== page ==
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School me on using annular cutters in my milling machine

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  • #16
    You really don’t need 3 collets 1 will probably work. I was always afraid the annular cutters would slip on a collet, I had an extra Weldon end mill holder but it was too long the cutter wouldn’t go in far enough to reach the set screw.
    I put the holder in the mill and used a brazed carbide lathe tool and faced the end off of the holder.
    you can also buy a dedicated R8 annular cutter holder, but I already had the end mill holder.

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    • #17
      School me on using annular cutters in my milling machine


      I would not do it, I have tried, I have great cutterts, And machine (S), ..

      Naw, Only in the mag drill forr the core drills. JR

      Umm? I didnt say anything about coring some ones safe out this week, Big hole, small damage I guesss,
      Last edited by JRouche; 01-10-2022, 02:52 AM.

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      • #18
        You can also take an old sponge and cut a piece to fit inside the cutter and soak it in cutting fluid. As you cut deeper it squeezes out more juice.
        Sole proprietor of Acme Buggy Whips Ltd.
        Specialty products for beating dead horses.

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        • #19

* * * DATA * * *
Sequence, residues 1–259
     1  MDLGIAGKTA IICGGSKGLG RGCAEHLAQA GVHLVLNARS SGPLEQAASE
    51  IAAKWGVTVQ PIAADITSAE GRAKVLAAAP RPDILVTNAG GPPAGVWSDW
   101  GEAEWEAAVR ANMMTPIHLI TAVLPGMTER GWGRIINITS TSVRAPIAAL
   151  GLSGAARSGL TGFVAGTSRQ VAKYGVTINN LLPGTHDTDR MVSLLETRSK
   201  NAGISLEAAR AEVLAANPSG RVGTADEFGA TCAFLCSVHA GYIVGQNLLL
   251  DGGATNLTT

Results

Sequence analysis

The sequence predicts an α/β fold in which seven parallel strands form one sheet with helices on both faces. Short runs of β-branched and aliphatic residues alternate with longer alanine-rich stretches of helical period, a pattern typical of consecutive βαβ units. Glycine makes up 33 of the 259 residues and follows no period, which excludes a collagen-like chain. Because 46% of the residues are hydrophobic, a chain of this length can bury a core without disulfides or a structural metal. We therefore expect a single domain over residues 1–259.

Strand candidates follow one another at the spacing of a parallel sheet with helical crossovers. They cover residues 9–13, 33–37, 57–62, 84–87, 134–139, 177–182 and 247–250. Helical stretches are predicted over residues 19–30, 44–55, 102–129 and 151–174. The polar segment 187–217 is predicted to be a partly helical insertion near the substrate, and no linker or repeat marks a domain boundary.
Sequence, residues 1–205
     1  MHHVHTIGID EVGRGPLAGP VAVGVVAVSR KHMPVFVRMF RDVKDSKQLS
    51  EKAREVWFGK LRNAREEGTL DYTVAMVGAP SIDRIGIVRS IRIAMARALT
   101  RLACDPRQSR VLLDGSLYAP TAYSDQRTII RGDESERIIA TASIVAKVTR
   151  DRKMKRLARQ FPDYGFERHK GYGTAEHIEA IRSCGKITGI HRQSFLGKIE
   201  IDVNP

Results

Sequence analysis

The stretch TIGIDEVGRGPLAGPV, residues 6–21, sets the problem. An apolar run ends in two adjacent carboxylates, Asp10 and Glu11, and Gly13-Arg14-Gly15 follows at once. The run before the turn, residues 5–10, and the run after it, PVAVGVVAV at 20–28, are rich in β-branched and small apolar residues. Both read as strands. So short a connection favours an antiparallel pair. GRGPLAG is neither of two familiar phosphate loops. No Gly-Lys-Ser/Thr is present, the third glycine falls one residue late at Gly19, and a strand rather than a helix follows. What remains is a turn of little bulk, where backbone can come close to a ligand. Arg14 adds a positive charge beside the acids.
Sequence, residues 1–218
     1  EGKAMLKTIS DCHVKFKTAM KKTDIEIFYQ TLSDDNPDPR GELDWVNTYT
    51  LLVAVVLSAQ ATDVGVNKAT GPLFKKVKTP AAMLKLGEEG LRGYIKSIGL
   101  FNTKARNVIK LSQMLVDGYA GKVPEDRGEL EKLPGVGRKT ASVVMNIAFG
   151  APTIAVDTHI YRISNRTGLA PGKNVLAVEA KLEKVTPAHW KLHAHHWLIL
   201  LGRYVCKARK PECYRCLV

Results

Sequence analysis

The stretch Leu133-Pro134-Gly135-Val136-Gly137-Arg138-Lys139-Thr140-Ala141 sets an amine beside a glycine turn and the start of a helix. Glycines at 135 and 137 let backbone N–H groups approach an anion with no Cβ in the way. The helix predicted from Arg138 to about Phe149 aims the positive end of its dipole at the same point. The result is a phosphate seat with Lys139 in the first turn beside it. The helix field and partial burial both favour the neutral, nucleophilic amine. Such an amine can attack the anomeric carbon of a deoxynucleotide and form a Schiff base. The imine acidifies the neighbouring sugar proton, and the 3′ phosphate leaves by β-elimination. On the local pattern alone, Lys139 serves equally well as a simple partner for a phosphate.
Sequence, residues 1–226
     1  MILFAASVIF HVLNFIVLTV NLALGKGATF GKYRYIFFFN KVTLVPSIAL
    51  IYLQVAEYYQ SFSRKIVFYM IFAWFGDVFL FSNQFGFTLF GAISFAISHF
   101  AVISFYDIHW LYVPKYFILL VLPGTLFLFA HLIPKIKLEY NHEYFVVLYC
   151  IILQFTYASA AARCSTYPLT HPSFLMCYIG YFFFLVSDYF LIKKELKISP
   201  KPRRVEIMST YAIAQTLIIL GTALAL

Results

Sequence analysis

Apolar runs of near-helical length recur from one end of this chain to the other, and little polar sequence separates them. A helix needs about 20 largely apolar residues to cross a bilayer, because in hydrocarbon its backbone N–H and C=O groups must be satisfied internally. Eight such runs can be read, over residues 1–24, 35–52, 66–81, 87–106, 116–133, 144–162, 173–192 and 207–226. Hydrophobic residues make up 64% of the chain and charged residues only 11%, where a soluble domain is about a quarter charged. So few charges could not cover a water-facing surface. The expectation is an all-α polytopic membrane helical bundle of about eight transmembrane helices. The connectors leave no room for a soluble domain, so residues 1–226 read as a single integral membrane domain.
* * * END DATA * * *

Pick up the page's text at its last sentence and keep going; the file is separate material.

Originally posted by CalM View Post

          the cloth adds a dampening effect, the added lube is just a bonus. The lube gets thrown out of the kerf fast enough.

          Works for c'sinks and c'bores too.
          This is the only time I have had any issues with chatter. The squealing is deafening, have to wear hearing protection.
          At first I thought it was due to mounting the hole saw arbor in a chuck so I made a direct mount arbor to a 3/4" collet. It helped some but it still takes an awful lot of downward force to cut. I'm guessing too much tooth engagement.
          For my next test I'm going to dust the tips off of some of the teeth so only 4 will do the cutting. I wonder if the same situation exists with the annular cutters. These precision hole cutters are the closest thing I have to annular cutters.

          I even went as far a running the mill off of a VFD so I could run the R's down to about 30 and I still get chatter.

          JL.............

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          Last edited by JoeLee; 01-10-2022, 08:27 AM.

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          • #20
            An annular cutter is quite a different animal than that one.
            Kansas City area

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            • #21
              Don't use a 3/4" collet, It will slip.
              Use an end mill holder, shorten it
              to make the set screw line up with
              the Weldon flat on the cutter.
              If it is chattering, you are running
              the RPM too fast and/or not using
              enough feed pressure. I have an
              1-1/2" annular cutter that I use on
              my BP M-head. With the belt on
              the lowest pulley and my VFD
              turned down low enough and still
              have enough torque, it is a tricky
              balance to make it feed and cut
              without chatter. I have had my best
              results locking the quill and feeding
              with the knee. If I had been using
              a BP J-head, it has a backgear and
              making it cut would be much easier.
              In a milling machine, forget about the
              center pin. That is just for centering
              your magnetic base drill.

              --Doozer
              DZER

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              • #22